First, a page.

Please note that this was written without speaking to any of the property owners, borough officials, task force members, and anyone else involved. It is simply based on observing Conshohocken closely since 2009 and we think having a pretty good grasp on the history of redevelopment and its impacts.
The Borough of Conshohocken recently announced the appointed members and meeting dates for a Main Street Overlay Task Force. The task force is empowered to “review the current and future land use of the Fayette Steet Corridor with the goal of making recommendations to Borough Council with respect to an amendment of the Borough’s Zoning Ordinance to include a Main Street Overlay District.”
Prior to the task force being formed, the borough held a public event where members of the public, from residents to business/property owners, were allowed to suggest and discuss ideas on what types of businesses are desired along Fayette Street.
Two main ideas came from that meeting. The first is the desire for a market or indoor farmers’ market type business. The location discussed was the former car dealership along the 1100 block of Fayette Street that since 2010 has been the focus of a failed effort to develop a Wawa with gas pumps.
For one big reason, we actually do not believe that the location focused on is the best location for a market. Everyone always talks about walkability and that location is at the border with Whitemarsh and uphill from the vast majority of the borough’s residents. And if you have to use your car, what is the actual difference between shopping at the “Little Giant” and a market at the Whitemarsh border? Not that much.
As we have suggested before, the borough needs to get creative with the developer that owns the former dealership, and CVS. The CVS in Conshohocken is terrible and Conshohocken deserves a modern CVS, which should be built at the former car dealership. The market or indoor farmer’s market should happen at what is now CVS.
This plan brings a desired amenity to the center of town.
But that will mean seniors will have to walk further to get their prescriptions! Possibly, but eventually, an independently owned pharmacy is going to open in Conshohocken. From our experience, they offer free delivery,
The second idea that was floated was a desire to expand small retail up Fayette Street through the redevelopment of properties along Fayette Street. For example, the former Exxon property at 7th and Fayette was recently approved for mixed-use redevelopment consisting of first-floor retail with apartments above. The rendering above is of this development.
That sounds great, but there is nothing really wrong with keeping the upper avenues on Fayette Street more leafy and sleepy (except for traffic). The density of the population is at the lower end, and we believe that the better opportunity for this type of redevelopment is West Elm Street. This area will have approximately 1,500 new residents in the three new apartment communities (two are completed and one is still under construction).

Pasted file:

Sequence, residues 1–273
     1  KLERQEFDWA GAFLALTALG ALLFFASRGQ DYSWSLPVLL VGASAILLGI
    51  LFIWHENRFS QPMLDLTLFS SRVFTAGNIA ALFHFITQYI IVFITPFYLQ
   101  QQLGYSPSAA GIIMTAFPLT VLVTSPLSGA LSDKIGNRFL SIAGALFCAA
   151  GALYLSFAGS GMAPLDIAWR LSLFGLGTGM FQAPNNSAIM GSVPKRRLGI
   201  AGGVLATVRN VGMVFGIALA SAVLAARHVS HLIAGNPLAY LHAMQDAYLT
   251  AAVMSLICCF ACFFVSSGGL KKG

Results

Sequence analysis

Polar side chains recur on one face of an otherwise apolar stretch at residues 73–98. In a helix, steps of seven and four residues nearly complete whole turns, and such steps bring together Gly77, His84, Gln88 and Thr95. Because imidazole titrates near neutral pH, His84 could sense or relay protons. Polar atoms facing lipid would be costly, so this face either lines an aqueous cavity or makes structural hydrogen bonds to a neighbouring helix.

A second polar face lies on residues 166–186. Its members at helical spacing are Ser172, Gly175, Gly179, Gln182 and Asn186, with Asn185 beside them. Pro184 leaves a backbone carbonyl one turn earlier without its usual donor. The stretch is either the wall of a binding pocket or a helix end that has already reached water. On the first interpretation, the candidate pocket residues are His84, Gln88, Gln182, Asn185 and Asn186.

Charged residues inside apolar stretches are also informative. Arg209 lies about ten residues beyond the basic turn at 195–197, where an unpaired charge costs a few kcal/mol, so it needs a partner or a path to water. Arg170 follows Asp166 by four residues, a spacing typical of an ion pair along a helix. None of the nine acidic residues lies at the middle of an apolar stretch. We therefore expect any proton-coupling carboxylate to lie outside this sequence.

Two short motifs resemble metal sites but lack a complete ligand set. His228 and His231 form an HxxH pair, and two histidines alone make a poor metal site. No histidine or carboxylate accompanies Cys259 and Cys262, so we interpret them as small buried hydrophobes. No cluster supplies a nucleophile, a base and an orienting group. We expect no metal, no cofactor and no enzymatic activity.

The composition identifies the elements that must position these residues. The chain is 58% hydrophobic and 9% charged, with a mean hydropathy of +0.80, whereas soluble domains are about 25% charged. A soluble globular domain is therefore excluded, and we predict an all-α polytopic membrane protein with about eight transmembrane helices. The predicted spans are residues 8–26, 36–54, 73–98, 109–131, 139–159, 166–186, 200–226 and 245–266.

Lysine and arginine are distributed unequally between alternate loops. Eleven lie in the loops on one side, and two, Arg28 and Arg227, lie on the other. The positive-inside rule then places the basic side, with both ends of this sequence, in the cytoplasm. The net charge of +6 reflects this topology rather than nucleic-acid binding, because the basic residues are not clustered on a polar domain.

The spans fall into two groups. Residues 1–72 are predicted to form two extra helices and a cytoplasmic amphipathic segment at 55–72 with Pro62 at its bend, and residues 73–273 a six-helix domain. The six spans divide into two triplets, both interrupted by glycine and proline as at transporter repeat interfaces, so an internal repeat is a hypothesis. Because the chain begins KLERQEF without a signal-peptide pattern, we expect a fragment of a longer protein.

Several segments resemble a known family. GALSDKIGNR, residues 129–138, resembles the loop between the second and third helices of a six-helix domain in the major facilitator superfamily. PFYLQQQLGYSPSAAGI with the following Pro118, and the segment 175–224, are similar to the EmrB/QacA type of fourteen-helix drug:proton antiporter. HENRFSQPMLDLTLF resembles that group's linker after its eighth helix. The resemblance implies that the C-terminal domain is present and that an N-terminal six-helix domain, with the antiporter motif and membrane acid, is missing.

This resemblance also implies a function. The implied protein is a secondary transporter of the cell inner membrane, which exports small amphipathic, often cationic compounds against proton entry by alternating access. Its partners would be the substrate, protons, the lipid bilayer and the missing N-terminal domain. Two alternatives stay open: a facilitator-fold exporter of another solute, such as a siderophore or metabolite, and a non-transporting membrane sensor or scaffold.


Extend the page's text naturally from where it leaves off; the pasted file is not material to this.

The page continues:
One of the areas of Conshohocken that has been most impacted by redevelopment and traffic is West Elm Street. Over the years, we have received numerous complaints from residents along this corridor regarding traffic and noise. The most recent developments and the eventual addition of an exit for the turnpike at the end of Conshohocken Road are only going to increase the problems.
The above image shows the area of West Elm Street between Maple Street and Colwell Lane, along with a block up Maple Street. We have divided it into five sections. Please note that these lines do not accurately reflect property lines. We just divided it up as we thought made the most sense.
Rezoning this area for commercial and/or mixed uses would increase the value of the properties and offer any resident homeowners the best opportunity to move if they choose. For rental and commercial property owners, they are businesses and it comes down to a financial decision.
In addition to the proximity to the growing population, look at just how much space there actually is to work with. The homes in Section 1 sit on thin, but deep properties. The section of Wood Street behind the property only serves to access the back of the homes, Haines & Silvatti Park (Section 5), and a recycling business (Section 3).
Sections 2 and 4 also back up to the recycling business, with a significant portion of Section 2 already having a commercial use (Guppy’s Good Times).
This is the area that should be a focus for rezoning to bring a mix of uses to serve the population density within just a few blocks. In our opinion, if some combination of the sections we outlined were redeveloped, it would create an opportunity for new businesses that could serve the neighborhood and the community.
Due to this, we think the scope of the task force should be expanded to include West Elm Street.
Let us know what you think in the comments.